US CIVIL WAR
The American Civil War, also known as the War Between the States or simply the Civil War (see naming), was a civil war fought from 1861 to 1865 in the United States after several Southern slave states declared their secession and formed the Confederate States of America (the "Confederacy" or the "South"). The states that remained were known as the "Union" or the "North". The war had its origin in the fractious issue of slavery, especially the extension of slavery into the western territories. Foreign powers did not intervene. After four years of bloody combat that left over 600,000 soldiers dead and destroyed much of the South's infrastructure, the Confederacy collapsed, slavery was abolished, and the difficult Reconstruction process of restoring national unity and guaranteeing rights to the freed slaves began.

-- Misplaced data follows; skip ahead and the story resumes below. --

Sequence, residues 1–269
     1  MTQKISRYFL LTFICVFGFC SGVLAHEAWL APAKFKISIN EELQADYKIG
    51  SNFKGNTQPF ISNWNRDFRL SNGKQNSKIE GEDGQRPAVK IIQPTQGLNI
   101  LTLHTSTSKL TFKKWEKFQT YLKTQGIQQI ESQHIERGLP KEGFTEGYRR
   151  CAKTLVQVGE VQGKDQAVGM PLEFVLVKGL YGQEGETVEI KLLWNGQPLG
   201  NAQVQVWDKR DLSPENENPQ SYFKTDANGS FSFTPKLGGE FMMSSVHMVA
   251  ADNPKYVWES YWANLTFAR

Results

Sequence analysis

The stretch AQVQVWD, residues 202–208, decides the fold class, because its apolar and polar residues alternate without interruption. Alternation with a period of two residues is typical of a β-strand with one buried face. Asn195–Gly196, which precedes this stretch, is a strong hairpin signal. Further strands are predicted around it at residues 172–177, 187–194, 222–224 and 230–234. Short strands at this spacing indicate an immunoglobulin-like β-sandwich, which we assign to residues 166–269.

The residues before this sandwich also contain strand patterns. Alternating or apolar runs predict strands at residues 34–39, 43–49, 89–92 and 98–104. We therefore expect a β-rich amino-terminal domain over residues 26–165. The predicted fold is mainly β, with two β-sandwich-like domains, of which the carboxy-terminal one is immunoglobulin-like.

Slavery in the United States for this article refers to the legal institution that existed in the United States of America in the 18th and 19th centuries. Slavery had been practiced in British North America from early colonial days, and was firmly established by the time of the United States' Declaration of Independence (1776). After this, there was a gradual spread of abolitionism in the North, while the rapid expansion of the cotton industry from 1800 caused the South to identify strongly with slavery, and attempt to extend it into the new Western territories. Thus slavery polarized the nation into slave states and free states along the Mason-Dixon Line, which separated Maryland (slave) and Pennsylvania (free).